If the problem is overpopulation, then why not focus on solving the problem rather than running away from it?  How about a massive, well-funded campaign to inform developing nations about family planning, or educating women about contraception?  Perhaps Stephen Hawking has given up on the possibility of the world’s governments uniting to achieve such a goal, and perhaps so have I, but then why not admit this explicitly, rather than proposing an absurd non-solution that is even more fictional?

The human population is a thin film that covers a very small fraction of the total surface of the planet.  The point is, why should we think about colonizing other planets when we haven’t even colonized all of one planet yet?  Why don’t we think about colonizing the ocean floors, or the ocean surfaces, or habitats deep underground, or floating cities in the sky?  I’m not a planetary scientist, but I’m willing to bet that any of these options would be much easier to achieve than colonizing another planet.

Why, also, should we think about colonizing other planets when we haven’t colonized one planet sustainably yet?  If we “overflow” our population onto a different planet without solving the problem of how to live on a single planet sustainably, we would simply postpone having to deal with the same problem on the new planet at a later date.  Why not work towards solving the sustainability issue on our home planet first, before considering branching out to different ones?

Climate change

The Earth is, by definition, the most habitable world we will ever find, because it’s the world on which we’ve evolved over millions of years.

To be sure, the damage we’re currently doing to our climate will have repercussions for future generations.  And unless we act now, the damage may be irreversible.  However, no amount of damage we can inflict will make the Earth completely inhospitable to human life, much less life in general.  This is in contrast with every other celestial body in our solar system, all of which are categorically not suited for life as we know it.

If we burn all the coal in the world and melt both of our planet’s polar ice caps, the Earth would still be more habitable than any other planet in the solar system.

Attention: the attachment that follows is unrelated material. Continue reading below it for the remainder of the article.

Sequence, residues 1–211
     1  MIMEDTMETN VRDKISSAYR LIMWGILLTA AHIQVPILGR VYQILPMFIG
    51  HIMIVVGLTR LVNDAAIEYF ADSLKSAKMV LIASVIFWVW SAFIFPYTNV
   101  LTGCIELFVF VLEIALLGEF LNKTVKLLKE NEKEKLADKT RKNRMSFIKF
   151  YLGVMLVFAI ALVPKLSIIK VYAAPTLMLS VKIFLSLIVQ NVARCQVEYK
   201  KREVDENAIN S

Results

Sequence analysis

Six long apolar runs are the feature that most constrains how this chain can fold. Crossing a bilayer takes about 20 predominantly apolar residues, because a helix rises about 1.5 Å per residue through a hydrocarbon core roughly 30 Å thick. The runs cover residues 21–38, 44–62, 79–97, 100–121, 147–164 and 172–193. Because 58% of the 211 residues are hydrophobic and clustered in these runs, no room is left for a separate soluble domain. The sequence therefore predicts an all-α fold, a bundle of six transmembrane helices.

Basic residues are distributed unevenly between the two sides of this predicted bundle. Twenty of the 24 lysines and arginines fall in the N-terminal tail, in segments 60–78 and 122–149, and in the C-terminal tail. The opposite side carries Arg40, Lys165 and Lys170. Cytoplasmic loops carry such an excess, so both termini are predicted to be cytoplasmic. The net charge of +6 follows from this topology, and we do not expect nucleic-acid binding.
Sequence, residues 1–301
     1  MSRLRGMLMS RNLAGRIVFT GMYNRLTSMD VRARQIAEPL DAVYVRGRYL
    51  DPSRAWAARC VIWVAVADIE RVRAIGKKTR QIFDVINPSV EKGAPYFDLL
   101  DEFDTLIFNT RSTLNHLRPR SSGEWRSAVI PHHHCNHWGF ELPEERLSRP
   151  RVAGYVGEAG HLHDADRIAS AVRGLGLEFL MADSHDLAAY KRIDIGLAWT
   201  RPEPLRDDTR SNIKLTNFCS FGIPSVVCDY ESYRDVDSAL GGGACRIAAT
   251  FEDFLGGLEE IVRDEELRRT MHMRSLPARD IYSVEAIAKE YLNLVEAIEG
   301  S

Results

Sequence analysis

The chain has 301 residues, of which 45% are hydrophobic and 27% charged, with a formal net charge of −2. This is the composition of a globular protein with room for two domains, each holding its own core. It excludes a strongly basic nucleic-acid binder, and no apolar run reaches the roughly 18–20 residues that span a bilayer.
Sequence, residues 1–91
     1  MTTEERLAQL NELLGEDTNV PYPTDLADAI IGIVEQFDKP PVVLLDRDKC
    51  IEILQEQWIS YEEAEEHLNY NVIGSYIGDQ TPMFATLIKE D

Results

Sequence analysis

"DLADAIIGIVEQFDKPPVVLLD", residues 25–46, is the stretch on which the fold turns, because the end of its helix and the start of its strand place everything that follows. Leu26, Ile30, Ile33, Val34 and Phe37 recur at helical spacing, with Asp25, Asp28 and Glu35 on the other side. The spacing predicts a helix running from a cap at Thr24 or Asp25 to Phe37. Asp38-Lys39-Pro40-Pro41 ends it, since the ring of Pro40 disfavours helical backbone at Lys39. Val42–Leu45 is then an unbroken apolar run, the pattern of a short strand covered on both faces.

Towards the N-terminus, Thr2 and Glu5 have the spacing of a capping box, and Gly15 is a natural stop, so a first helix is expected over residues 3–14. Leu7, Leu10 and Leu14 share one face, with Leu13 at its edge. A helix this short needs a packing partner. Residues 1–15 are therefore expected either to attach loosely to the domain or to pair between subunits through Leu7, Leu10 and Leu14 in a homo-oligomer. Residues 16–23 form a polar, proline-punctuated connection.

If we detonate every single warhead in our nuclear arsenal, the Earth would still be more habitable than any other planet in the solar system.

If the Earth gets struck by an asteroid the size of the Chicxulub impactor that wiped out the dinosaurs, it would still be more habitable than any other planet in the solar system.

It’s simply not productive to set goals for colonizing another planet, when we already have a perfectly good planet right here. All we have to do is improve our relationship with this planet, which begins with education, and will naturally lead to fewer children, less religion, and better environmental awareness.

Interstellar travel

Traveling to another solar system will not happen for us.  It will not happen in our lifetimes, or the lifetimes of our children or grandchildren.  Yes, I do believe that intelligent life will someday leave the confines of our solar system and travel the stars, but that life will not be human (with the exception of Matthew McConaughey).

You may say, “How closed-minded of you!”  But no. I’m an avid appreciator of science fiction, from Isaac Asimov, Arthur C. Clarke, and Ray Bradbury, to the likes of Star Trek, Battlestar Galactica, and even Babylon 5.  And I still feel glimmers of idiotic excitement when I read occasional news stories about “breakthrough” propulsion or energy technologies being “researched” at NASA.

However, I’m also armed with a basic but solid knowledge of physics, which tells me how ludicrous or impossible these fantasies are.  Science fiction, at least in relation to space travel, will have to remain fiction for the foreseeable future.

I do sympathize with Professor Hawking’s sense of urgency. And if I had an intellect of his magnitude, maybe I too would feel claustrophobic on this planet.  However, unless he has an actual solution for traveling across interstellar distances (does he?!), I’m afraid his priorities are inverted. Leaving this planet should not be our priority.  Let’s instead figure out how to love this planet the way it has loved us since the bawling infancy of our species, and to ensure that we give future generations enough time to live on it, until they, in the far distant future, are truly ready to leave it.